New Hampshire's Aerial Showcase Professionals
An Unmanned Aircraft System, most commonly referred to as a "Drone", is an unmanned aircraft and the equipment necessary for the safe and efficient operation of that aircraft. An unmanned aircraft is a component of a UAS. It is defined by statute as an aircraft that is operated without the possibility of direct human intervention from within or on the aircraft (Public Law 112-95, Section 331(8)).
Drone flights are typically short in duration and flown at low altitudes in order to gather only the desired images or information related to a specific property or location. Most drones fall into what is referred to as the micro UAS category, which means the UAS weighs 4.4 pounds or less. Drone operations are typically brief and more affordable than manned aircraft operations, which make UAS well-suited for use by the real estate industry.
There are two ways for recreational or hobby UAS fliers to operate in the National Airspace System in accordance with the law and/or FAA regulations. Each of the two options has specific requirements that the UAS operator must follow. The decision as to which option to follow is up to the individual operator.
Option #1. Fly in accordance with the Special Rule for Model Aircraft (Public Law 112-95 Section 336). Under this rule, operators must:
Option #2. Fly in accordance with the FAA's Small UAS Rule (Part 107). This requires operators to:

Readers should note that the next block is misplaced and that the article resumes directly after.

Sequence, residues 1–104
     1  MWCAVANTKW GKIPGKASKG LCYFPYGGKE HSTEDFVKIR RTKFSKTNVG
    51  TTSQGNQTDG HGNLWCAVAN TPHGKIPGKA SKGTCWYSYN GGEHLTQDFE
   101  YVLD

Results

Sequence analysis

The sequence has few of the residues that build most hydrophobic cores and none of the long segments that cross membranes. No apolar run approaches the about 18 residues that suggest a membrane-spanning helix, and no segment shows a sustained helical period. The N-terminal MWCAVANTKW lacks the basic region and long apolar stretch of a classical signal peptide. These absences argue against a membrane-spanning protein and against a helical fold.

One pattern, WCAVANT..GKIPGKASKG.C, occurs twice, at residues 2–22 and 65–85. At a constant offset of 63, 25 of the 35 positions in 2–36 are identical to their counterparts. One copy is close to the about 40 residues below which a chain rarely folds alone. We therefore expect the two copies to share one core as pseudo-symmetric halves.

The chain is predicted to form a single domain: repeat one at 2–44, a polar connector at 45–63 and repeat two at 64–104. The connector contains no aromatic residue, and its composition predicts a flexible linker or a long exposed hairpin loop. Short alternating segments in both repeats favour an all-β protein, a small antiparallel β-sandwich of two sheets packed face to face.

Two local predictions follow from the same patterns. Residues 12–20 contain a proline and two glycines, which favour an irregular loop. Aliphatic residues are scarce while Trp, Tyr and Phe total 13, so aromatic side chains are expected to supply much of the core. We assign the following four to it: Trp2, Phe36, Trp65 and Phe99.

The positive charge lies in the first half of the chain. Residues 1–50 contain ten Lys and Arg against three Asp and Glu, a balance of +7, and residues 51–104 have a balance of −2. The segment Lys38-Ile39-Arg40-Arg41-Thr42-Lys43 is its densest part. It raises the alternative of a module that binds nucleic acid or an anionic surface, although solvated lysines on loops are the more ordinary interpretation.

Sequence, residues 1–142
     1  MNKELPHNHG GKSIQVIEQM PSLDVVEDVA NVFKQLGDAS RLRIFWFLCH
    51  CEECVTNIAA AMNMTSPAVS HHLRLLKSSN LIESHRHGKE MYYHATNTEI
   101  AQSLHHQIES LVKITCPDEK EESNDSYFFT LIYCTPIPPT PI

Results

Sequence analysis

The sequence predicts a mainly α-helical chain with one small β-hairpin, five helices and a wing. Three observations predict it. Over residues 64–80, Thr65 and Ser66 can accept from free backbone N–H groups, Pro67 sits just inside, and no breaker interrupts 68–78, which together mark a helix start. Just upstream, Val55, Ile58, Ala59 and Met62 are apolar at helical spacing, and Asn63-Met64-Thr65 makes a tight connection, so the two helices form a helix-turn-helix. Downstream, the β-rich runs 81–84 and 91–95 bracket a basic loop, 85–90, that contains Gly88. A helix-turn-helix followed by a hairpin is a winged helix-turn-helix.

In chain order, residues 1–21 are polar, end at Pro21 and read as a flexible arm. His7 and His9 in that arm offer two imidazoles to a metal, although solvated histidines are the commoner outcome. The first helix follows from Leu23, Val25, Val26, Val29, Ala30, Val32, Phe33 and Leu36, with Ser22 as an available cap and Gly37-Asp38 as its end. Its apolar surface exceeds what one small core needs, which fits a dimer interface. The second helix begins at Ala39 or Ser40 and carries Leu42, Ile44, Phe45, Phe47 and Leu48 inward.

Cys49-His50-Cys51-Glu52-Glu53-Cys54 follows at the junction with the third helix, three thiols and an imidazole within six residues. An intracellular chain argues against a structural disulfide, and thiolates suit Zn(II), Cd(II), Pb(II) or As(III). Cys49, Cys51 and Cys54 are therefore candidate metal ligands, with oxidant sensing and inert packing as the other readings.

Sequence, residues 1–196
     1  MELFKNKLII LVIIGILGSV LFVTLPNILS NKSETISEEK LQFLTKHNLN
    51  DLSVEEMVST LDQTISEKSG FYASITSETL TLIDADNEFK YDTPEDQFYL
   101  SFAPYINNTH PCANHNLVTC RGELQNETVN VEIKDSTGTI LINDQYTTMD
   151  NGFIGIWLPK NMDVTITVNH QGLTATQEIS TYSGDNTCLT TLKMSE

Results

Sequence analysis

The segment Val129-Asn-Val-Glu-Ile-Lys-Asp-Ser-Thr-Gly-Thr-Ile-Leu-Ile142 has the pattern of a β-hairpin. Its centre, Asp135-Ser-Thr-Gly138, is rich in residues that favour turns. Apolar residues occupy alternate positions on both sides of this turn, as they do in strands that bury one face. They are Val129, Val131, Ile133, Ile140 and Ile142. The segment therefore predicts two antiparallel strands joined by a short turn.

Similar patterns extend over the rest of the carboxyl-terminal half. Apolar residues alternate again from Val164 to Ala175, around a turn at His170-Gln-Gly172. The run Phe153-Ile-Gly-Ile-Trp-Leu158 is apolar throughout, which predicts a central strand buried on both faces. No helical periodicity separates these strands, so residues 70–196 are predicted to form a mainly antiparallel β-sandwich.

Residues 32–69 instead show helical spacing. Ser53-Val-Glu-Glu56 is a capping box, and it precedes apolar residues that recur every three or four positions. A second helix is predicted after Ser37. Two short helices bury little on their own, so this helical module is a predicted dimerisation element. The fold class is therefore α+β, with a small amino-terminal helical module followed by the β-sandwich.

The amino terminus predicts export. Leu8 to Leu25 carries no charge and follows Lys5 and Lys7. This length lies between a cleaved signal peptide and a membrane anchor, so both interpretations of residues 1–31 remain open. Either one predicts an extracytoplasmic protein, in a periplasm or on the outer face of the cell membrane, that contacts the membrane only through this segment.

The FAA has developed a mobile app called B4UFLY to help recreational UAS operators know whether there are any restrictions or requirements where they want to fly. Additional guidance is also available in the "Where to Fly" section of the FAA website.
No. Federal law restricts UAS from flying at or below 3,000 AGL within a 3 nautical mile radius of any stadium with a seating capacity of 30,000 or more people during a Major League Baseball (MLB), regular or post-season National Football League (NFL), or NCAA Division I football game, or major motor speedway event. This temporary flight restriction applies to the entire U.S. domestic National Airspace System, and takes effect starting one hour before the scheduled event time until one hour after the event concludes. The FAA gives further detail in a Notice to Airmen (NOTAM.)
There are three ways to fly a UAS for work, business, or non-recreational reasons: